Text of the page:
He was the son of the famous painter and
art historian Léonor, and was close friend of Stendhal.
Mérimée was also a friend to Empress Eugenia,
a monument inspector, and a senator and France academic,
and was able to enjoy prestige in the court of Napoleon
III. An expert of English and Spanish literature, he was
strongly inspired by them in his works; of which most were
theatrical. His narratives marked the shift from Romanticism
to Realism. He wrote short stories, La venus de L'ille
(1837), Colomba (1840), and Carmen (1845,
that inspired the so named play by Bizet), dramas and the
historic novel La vision du Charles IX (1829). He
went on with his activity of poet and narrator, but he dedicated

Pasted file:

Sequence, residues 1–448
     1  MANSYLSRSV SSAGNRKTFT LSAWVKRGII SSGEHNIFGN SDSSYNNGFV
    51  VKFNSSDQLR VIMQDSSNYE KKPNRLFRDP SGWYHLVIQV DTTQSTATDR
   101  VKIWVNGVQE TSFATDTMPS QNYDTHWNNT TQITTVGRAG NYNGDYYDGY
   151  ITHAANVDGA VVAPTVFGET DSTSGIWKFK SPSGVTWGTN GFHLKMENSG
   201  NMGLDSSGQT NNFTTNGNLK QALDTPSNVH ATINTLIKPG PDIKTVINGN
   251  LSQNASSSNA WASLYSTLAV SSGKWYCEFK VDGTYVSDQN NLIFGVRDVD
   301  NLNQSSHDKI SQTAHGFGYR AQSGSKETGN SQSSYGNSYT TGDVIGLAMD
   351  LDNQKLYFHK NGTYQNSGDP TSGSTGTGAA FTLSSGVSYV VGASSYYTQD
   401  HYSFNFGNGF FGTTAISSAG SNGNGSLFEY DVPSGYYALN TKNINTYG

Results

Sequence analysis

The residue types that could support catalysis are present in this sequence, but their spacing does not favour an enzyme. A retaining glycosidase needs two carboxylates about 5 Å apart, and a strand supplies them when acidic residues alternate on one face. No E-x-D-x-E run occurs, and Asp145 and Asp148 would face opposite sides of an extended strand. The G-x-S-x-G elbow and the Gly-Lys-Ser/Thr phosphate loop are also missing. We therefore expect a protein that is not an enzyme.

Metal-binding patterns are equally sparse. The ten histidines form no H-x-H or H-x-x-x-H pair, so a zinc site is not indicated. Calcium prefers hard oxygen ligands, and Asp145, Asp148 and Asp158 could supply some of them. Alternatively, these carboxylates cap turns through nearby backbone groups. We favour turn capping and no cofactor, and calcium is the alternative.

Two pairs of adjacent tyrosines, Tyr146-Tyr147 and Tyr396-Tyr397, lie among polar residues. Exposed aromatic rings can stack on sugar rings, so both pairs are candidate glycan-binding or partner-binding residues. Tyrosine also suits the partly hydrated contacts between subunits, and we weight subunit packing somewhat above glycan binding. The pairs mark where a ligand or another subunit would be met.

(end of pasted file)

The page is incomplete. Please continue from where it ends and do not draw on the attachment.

himself to historic and archeological studies as well. His
wide correspondence (published only in 1941-61) was remarkable
and one of the most important of the century; his notes
and memories offered worthy testimonies of Stendhal's life.
The Plays of Clara Gazul (1825, tr. 1825)
La Guzla (1827).
The Chronicle of the Reign of Charles IX (1829; tr.
Colomba (1852, tr. 1853)
Carmen (in Revue des Deux Mondes, 1845; as a book,
1846, tr. 1881
La Vénus dIlle (1837)
Letters to an Unknown (in Revue des Deux Mondes,